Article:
Scott Fitzgerald gave form to a masculine character filled with positive attributes and made him a professional with a great future. To do so, who better to refer to than a famous and attractive psychiatrist such as Carl Gustav Jung? However, as accustomed as Fitzgerald was to depicting his own aspirations and failures in his work, he did not neglect to also endow Dick with many of his personal qualities and defects, such as his inveterate alcohol consumption. Doctor Diver ended up a failure, despite Nicole’s being cured, just as Fitzgerald himself must have felt in relation to Zelda’s illness and his own life.

Franz Gregorovius and Oscar Forel

The character of Franz Gregorovius, friend and colleague of Dick Diver, represents a psychiatrist who worked at Dohmler’s clinic on the banks of the Zurichsee. Gregorovius had been born in the Canton of Vaud and was a few years older than Dick. He is described as follows:

He was the third of the Gregoroviouses -his grandfather had instructed Kraepelin when psychiatry was just emerging from the darkness of all time. In personality he was proud, fiery, and sheep-like- he fancied himself as a hypnotist. If the original genius of the family had grown a little tired, Franz would without doubt become a fine clinician. (Fitzgerald, 2010: 127)

The similarities to Oscar Forel are quite close. He was born in Zurich and served as director of Les Rives de Prangins clinic, located on Lake Geneva in the Canton of Vaud, where Zelda had stayed. His father was the famous psychiatrist Auguste-Henri Forel (1848-1931) (Forel, 1937), who had been the director of the Burghölzli Clinic between 1879 and 1898 (Parent, 2003), and had shown a great interest in hypnosis, clearly influenced by Hippolyte Bernheim and the Nancy School (Klein, 2010). Later, his son Oscar also used this technique in his treatments and even hypnotized Zelda (Milford, 1975: 196).

What is more, Franz Gregorovius was Vaudois by birth and worked on the Zurichsee, just the opposite of Oscar Forel, who was born in Zurich and had his clinic in the Canton of Vaud. Scott Fitzgerald associated Franz Gregorovius’s grandfather with Kraepelin. It is possible that the novelist would name Kraepelin as an important figure of the time, although it should be noted that there was in fact a professional relationship between the German psychiatrist and Auguste-Henri Forel, Oscar’s father, as demonstrated by the existence of correspondence between the two (Ackerknecht, 1963).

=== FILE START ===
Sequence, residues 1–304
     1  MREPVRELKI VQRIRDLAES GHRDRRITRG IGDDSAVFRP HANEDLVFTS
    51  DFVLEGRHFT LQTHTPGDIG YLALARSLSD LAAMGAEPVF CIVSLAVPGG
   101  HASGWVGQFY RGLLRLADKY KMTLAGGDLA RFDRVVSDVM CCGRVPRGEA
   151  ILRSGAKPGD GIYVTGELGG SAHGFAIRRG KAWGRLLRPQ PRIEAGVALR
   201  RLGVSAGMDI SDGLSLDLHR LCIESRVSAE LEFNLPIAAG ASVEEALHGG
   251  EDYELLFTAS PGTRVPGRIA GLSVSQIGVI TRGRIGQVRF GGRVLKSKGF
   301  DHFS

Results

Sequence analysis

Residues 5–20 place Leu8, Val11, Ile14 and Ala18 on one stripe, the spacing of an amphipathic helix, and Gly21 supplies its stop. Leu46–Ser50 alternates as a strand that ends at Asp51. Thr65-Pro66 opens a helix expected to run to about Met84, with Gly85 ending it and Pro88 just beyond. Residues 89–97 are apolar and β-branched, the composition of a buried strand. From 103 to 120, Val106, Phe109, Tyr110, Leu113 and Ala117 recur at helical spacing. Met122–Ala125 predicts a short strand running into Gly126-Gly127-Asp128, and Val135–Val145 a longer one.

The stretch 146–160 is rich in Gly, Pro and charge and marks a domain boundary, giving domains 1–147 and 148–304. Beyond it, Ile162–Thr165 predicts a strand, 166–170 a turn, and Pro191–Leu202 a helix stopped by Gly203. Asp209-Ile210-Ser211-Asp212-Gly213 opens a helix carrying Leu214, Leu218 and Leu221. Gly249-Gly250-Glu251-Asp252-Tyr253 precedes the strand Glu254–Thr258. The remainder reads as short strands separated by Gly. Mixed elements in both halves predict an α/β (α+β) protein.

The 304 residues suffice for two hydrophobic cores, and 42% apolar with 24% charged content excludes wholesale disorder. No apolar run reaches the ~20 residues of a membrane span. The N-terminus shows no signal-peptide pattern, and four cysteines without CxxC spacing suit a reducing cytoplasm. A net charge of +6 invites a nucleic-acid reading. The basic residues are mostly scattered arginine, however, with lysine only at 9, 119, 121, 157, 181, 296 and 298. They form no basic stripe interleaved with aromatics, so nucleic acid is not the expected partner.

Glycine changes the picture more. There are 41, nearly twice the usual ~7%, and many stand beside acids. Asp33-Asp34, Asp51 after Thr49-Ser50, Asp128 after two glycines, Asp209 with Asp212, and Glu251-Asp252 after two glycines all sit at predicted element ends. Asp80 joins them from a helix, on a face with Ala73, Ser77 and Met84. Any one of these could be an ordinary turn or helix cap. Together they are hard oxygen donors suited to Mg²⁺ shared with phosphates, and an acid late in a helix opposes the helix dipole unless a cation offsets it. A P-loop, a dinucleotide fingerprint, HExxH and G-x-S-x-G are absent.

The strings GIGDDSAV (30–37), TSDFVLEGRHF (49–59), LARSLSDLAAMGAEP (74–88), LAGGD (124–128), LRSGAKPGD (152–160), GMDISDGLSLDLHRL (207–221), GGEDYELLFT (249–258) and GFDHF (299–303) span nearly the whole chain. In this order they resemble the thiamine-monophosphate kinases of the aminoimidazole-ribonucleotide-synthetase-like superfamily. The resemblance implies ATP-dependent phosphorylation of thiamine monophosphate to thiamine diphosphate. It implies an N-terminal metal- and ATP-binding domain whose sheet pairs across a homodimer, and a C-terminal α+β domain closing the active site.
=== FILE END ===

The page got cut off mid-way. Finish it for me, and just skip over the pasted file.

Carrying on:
On May 22, 1930, Mrs. Fitzgerald transferred to the Valmont Clinic in Switzerland. In fact, it was Oscar Forel who was the first to conduct a psychiatric evaluation and give a diagnosis of schizophrenia, transferring her to Les Rives de Prangins, the clinic on Lake Geneva where he was the director (Letter from Doctor Oscar Forel to Nancy Milford dated March 9, 1966. Milford, 1975: 177 ff.). Lucia, the daughter of James Joyce, was also treated at this same psychiatric facility, with the same diagnosis (Ellmann, 1959: 677, 687-688). According to Nancy Milford, Prangins was a beautiful place, with well-maintained gardens, tennis courts and seven villas where the patients were housed. Only a limited number of patients were admitted and the doctors and their families also lived on-site, enabling them to take part in the life of the community (Milford, 1975: 178). Scott Fitzgerald probably took his inspiration from this place when writing about the sanatorium established by Dick and Franz Gregorovius in Tender Is the Night. The doctors in the novel also lived on the hospital grounds with their respective families. The novel describes a clinic which is among the best-appointed in Europe, built in a modern style and resembling “a small, scattered, yet deceitfully integrated village… so that the plant was a thing of beauty, visited by every psychologist passing through Zurich”. There were two houses known as the Eglantine and the Beeches, where the most serious patients lived, a garden cared for by the patients and three workshops: one for carpentry, a book-bindery and a third used for beadwork, weaving and brass objects (Fitzgerald, 2010: 193-194). At Prangins, the Eglantine was the name of one of the buildings where the most serious patients were housed and where Zelda spent some time (Milford, 1975: 183).

One final detail which links the Forels to Scott Fitzgerald and Tender Is the Night is related to alcoholism. It is widely known that Scott had serious problems with alcohol. His daughter recognized that the two great anxieties with which her father had wrestled throughout his life were money and drink (Donaldson, 1983: 114). Until well into the novel, the problems related to this toxin are reflected in the character of Abe North, who had once been a precocious and brilliant musician but had not composed anything for years. To a certain extent, this figure somewhat recalls Scott Fitzgerald himself, that young man who had published a book This Side of Paradise which brought him fame, money and the girl of his dreams, but then went through years of creative drought without publishing another novel, drowning his failure in parties and alcohol.

In the final chapters of Book Two and throughout Book Three, Dick Diver’s alcoholism becomes increasingly obvious. He sought refuge from the enormous sadness he felt in alcohol. When he was intoxicated, his behavior turned haughty and problematic, tightening the vicious circle in which he found himself with the resulting enmities and conflicts. Dick symbolizes failed love, the break-up with the woman he had loved so much in his youth and who he ended up hurting, in addition to isolation and social rejection. The American writer ultimately suffered all of these disappointments himself, equally brought on by his relationship with alcohol.